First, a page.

Researchers [1] point out origin of Ghumura dance is related to
mythological days of Ramayana where it was used as an instrument for
warrior music by Ravana. It is depicted in Sarala Das’s Purana [2].
Ghumura was also mentioned as an instrument for warrior music/dance
form in ancient and medieval period by various kings & kingdoms.

Later on it has evolved from a war dance to a dance form for cultural
and social activities. The dance is associated with social
entertainment, relaxation, love, devotion and friendly brotherhood
among all class, creed and religion in the present days. Traditionally
this dance is also associated with Nuakhai and Dasahara celebration in
many parts of Orissa, Andhra Pradesh and Chhattisgarh.
Although dress code of Ghumura resembles more like a tribal dance,
researchers argue [1-2] different mudra and dance form present in
Ghumura bear more resemblance with other classical dance form of
India. It is no way inferior to any other folk or classical dance in
India and should not be derecognized as a tribal dance as it is being
played by both tribal and non-tribal people since centuries.

In present days rarely there was any organization like Mahabir
Sankrutik Anustan who has been at leat trying to retain such rich
dance culture of ancient time still hidden in tribal and backward
pockets of India, predominantly in KBK region.

Unfortunately Ministry of Culture, Government of India has not yet
classified this one of the rarest ancient dance in the official
classical form derecognizing as a tribal dance. It is very importance
that ministry of culture gives equal importance to this rare and
unique form of Indian dance form in the national level.

As there is neither sufficient funding, encouragement, nor any
national research center, nor even any national recognition for
Ghumura dance or for its artist, this unique and rarest dance is
slowly vanishing and losing its hidden charisma and beauty in modern
days.

Although many artists from various Indian dances have been recognized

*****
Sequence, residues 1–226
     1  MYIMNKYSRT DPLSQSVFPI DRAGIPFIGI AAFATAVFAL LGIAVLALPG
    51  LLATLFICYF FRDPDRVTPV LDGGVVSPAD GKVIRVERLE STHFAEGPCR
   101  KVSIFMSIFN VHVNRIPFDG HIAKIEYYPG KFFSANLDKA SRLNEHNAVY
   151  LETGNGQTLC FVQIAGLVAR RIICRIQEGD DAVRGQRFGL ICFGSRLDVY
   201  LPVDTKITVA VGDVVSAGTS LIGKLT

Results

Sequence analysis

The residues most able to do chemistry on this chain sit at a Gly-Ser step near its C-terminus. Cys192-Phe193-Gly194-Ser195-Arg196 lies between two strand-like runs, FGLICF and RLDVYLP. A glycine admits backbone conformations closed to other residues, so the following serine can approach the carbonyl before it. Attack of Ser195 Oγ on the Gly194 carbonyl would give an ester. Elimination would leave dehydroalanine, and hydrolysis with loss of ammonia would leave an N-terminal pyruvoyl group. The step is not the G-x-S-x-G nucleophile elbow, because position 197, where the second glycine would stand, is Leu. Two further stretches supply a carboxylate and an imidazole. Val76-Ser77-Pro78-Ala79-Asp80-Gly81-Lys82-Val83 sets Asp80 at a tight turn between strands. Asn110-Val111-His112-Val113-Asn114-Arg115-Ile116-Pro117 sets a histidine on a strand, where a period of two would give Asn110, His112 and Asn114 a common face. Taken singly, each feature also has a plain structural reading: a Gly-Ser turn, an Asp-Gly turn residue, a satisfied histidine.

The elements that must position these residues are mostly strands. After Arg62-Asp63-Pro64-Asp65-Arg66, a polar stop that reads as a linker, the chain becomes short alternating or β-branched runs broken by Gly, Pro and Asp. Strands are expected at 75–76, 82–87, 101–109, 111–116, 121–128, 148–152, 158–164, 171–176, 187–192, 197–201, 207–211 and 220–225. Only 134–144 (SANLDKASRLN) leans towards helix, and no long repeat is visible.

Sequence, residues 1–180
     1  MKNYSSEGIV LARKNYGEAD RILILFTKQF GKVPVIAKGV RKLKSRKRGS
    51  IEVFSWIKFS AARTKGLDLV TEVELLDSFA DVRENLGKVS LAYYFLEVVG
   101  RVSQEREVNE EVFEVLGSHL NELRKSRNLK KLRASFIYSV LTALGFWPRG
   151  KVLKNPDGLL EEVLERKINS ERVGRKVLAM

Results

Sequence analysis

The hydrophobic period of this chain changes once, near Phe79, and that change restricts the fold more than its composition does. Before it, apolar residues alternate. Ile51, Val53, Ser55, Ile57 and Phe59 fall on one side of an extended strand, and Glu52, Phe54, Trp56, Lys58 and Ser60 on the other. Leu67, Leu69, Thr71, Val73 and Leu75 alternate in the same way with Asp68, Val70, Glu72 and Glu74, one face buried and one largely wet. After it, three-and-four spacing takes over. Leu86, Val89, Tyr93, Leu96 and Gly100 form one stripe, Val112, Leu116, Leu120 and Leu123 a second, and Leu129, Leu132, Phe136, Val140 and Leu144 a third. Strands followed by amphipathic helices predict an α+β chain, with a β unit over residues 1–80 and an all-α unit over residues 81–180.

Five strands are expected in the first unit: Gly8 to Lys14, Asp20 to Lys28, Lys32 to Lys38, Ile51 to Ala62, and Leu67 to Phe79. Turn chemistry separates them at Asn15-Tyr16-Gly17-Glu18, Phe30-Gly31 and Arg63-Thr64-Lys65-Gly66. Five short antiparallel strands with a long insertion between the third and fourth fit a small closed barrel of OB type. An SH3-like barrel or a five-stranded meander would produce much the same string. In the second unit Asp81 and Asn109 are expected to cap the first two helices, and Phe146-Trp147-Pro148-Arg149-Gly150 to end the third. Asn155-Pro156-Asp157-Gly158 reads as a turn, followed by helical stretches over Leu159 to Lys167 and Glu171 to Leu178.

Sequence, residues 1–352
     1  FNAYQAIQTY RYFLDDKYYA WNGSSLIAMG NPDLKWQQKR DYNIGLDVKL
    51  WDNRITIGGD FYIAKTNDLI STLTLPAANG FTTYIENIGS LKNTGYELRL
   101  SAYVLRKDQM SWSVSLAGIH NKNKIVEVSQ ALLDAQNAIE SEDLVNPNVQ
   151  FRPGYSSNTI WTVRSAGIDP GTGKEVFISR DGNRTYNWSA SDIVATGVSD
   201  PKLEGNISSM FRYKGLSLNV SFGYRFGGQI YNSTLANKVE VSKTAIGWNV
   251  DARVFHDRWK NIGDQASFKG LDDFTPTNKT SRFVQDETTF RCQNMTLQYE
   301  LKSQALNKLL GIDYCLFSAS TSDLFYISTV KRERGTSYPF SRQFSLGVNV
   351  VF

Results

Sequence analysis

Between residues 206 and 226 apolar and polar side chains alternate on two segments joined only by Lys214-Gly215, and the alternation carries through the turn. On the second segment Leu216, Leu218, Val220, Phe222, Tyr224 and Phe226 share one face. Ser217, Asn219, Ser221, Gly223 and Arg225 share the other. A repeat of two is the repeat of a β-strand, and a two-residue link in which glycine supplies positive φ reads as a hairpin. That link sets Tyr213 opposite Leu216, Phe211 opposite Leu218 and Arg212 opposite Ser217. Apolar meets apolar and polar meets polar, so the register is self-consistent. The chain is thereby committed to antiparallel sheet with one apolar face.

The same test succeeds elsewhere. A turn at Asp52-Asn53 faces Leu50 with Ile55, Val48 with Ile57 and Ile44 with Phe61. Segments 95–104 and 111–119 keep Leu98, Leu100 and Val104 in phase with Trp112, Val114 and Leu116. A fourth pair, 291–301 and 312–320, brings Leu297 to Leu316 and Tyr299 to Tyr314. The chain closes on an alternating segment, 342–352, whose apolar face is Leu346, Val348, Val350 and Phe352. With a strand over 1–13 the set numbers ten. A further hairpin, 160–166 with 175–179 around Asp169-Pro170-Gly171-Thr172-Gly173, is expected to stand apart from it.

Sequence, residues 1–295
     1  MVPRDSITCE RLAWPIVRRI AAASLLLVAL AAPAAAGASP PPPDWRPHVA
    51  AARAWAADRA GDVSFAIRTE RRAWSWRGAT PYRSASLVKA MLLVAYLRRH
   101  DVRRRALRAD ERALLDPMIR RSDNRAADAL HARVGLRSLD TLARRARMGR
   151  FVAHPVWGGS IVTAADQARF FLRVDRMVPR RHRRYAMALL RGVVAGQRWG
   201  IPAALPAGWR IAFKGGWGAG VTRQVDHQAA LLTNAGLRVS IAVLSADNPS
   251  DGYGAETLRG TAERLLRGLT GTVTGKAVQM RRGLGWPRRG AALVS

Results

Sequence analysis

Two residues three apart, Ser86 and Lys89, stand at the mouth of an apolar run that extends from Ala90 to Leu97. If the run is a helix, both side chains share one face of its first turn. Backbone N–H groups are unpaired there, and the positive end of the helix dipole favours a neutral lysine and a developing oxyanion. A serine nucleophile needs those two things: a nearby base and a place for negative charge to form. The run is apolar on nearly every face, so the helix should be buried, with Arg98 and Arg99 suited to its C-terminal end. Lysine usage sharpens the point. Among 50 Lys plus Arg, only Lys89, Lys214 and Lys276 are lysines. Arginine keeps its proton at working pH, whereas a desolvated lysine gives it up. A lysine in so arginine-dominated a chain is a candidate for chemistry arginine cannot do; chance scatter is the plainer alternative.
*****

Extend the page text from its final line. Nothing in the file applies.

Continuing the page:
by Padma Shri, Padma Bibhusan etc, Ghumura artists were not yet
equally rewarded by the national government recognitions in the same
level.

I urge the Ministry of Culture, Government of India and Orissa state
Government to take necessary steps to give special fellowship, funding
and recognition for Ghumura and its devoted artist working in the
backward pockets of Orissa, Andhra Pradesh and Chhattisgarh.

Apart from National Chhau Centre at Baripada, a National Ghumura
Research Center at Bhawanipatna is required at this hour for not
losing this rarest and unique Ghumura dance forever.

For the above mentioned reasons Orissa state Government may also
consider to have a center/branch of Utkal University of Culture in
Bhawanipatna to educate and carry out research work on various dance
form of South Western Orissa and KBK-Kandhamal region (Kalahandi
region has one of the most diverse verities of dance forms as it is
the melting point of Western Orissa, Southern Orissa and Chhattisgarh
Culture) as well as to study culture and languages present in South
Western Orissa (Languages also include verities of tribal and
non-tribal languages in one specific region of KBK-Kandhamal-Boudh).

References
1. Loka Nutrya Ghumura, Edited by Parameswar Mund, Mahabir
Sanskrutika, Anusthan, June 2002
2. Kalahandi: Loka Anusthan, Edited by Jayanta Kumar Behera, Dr
Dolagobinda Bisi, Parameswar Mund, Mahabir Sanskrutika Anusthan, 1998

Thank you and best regards
Digambara Patra


Digambara Patra, Ph.D
Assistant Professor
Department of Chemistry
American University of Beirut
Beirut, Lebanon
Email: digpatra@yahoo.com

May 5, 2010 at 8:19 pm Leave a comment